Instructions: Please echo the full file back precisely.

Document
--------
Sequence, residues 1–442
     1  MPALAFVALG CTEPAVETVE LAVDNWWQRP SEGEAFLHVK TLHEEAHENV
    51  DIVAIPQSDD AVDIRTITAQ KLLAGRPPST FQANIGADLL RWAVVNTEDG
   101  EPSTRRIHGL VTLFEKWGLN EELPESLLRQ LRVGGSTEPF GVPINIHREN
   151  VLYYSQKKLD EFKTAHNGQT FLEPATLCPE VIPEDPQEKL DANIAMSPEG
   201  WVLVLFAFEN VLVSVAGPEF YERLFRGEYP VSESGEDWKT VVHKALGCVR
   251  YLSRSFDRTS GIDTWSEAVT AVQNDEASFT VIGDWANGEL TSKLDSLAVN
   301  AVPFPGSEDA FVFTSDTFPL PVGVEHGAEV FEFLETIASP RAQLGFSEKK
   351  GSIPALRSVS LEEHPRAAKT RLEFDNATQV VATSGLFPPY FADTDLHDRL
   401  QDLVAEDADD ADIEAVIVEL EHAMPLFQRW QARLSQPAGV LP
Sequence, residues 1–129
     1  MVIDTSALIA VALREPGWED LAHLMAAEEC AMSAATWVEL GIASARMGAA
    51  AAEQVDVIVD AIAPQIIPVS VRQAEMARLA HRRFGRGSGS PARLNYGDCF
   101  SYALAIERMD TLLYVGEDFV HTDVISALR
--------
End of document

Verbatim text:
Sequence, residues 1–442
     1  MPALAFVALG CTEPAVETVE LAVDNWWQRP SEGEAFLHVK TLHEEAHENV
    51  DIVAIPQSDD AVDIRTITAQ KLLAGRPPST FQANIGADLL RWAVVNTEDG
   101  EPSTRRIHGL VTLFEKWGLN EELPESLLRQ LRVGGSTEPF GVPINIHREN
   151  VLYYSQKKLD EFKTAHNGQT FLEPATLCPE VIPEDPQEKL DANIAMSPEG
   201  WVLVLFAFEN VLVSVAGPEF YERLFRGEYP VSESGEDWKT VVHKALGCVR
   251  YLSRSFDRTS GIDTWSEAVT AVQNDEASFT VIGDWANGEL TSKLDSLAVN
   301  AVPFPGSEDA FVFTSDTFPL PVGVEHGAEV FEFLETIASP RAQLGFSEKK
   351  GSIPALRSVS LEEHPRAAKT RLEFDNATQV VATSGLFPPY FADTDLHDRL
   401  QDLVAEDADD ADIEAVIVEL EHAMPLFQRW QARLSQPAGV LP
Sequence, residues 1–129
     1  MVIDTSALIA VALREPGWED LAHLMAAEEC AMSAATWVEL GIASARMGAA
    51  AAEQVDVIVD AIAPQIIPVS VRQAEMARLA HRRFGRGSGS PARLNYGDCF
   101  SYALAIERMD TLLYVGEDFV HTDVISALR